The great majority of the accused were, as the regime well knew, not affiliated to the Communist movement. They included the late Chief Albert Lutuli, who was to receive the Nobel Peace Prize; the late Dr. Z.K. Matthews, the prominent educator; Oliver Tambo, the present President of the African National Congress; Nelson Mandela, the Volunteer-in-Chief of the 1952 non-violent Defiance Campaign; the late Dr. G.M. “Monty” Naicker, the Gandhian leader of the Natal Indian Congress; Helen Joseph, the White trade unionist and women`s leader; and Archie Gumede, now leader of the United Democratic Front.
They also included a number of Communists like Moses Kotane, the ANC delegate to the Asian-African Conference in Bandung; Joe Slovo, now chairman of` the South African Communist Party; the late Dr. Yusuf Dadoo, leader of the South African Indian Congress; and Alex La Guma, journalist and writer. Moosa Moolla, now ANC representative in India, was one of the accused.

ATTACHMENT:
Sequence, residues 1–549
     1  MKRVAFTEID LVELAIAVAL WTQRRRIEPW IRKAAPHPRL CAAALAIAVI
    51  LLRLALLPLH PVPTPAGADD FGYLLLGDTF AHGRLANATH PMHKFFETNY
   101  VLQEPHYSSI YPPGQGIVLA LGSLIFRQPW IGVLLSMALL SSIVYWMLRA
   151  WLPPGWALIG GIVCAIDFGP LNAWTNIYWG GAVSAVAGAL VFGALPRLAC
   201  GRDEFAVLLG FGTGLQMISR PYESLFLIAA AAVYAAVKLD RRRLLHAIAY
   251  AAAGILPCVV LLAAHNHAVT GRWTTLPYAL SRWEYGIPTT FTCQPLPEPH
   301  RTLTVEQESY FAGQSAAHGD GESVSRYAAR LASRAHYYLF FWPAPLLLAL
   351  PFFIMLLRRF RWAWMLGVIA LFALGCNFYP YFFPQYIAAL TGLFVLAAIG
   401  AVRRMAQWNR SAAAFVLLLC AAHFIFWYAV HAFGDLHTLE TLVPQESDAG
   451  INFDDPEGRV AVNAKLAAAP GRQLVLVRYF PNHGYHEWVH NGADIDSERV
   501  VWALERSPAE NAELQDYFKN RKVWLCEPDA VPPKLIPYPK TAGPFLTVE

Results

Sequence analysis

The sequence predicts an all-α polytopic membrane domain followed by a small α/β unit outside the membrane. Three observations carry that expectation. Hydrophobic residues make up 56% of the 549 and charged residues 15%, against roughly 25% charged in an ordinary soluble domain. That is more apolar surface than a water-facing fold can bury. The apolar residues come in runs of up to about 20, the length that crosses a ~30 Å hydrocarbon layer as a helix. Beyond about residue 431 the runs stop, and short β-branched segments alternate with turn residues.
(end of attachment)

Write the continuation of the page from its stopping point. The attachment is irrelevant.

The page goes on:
The long trial contributed immensely to the building of a multi-racial national liberation movement. It also led to closer cooperation between African nationalists, pacifists and Communists.
The trial itself proved abortive. In 1958, after a protracted preparatory examination, the prosecution was obliged to drop charges against 65 of the accused, including Chief Lutuli and Oliver Tambo. The indictment against 61 others was quashed in 1959. After listening to hundreds of witnesses and studying tens of thousands of pages of “evidence” in the marathon trial, Justice Rumpff acquitted the remaining 30 accused in March, 1961. He declared that the prosecution had failed to prove that ANC advocated violence or that it had become a Communist organisation or had been infiltrated by Communists.